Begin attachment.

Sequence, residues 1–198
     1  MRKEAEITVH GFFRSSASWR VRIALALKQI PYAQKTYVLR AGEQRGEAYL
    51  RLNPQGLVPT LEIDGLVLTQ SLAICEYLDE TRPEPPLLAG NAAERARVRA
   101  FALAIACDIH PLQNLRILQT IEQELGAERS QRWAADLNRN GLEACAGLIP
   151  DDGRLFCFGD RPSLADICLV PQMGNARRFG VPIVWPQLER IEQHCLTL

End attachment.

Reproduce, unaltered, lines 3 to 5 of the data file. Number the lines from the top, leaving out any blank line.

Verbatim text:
    51  RLNPQGLVPT LEIDGLVLTQ SLAICEYLDE TRPEPPLLAG NAAERARVRA
   101  FALAIACDIH PLQNLRILQT IEQELGAERS QRWAADLNRN GLEACAGLIP
   151  DDGRLFCFGD RPSLADICLV PQMGNARRFG VPIVWPQLER IEQHCLTL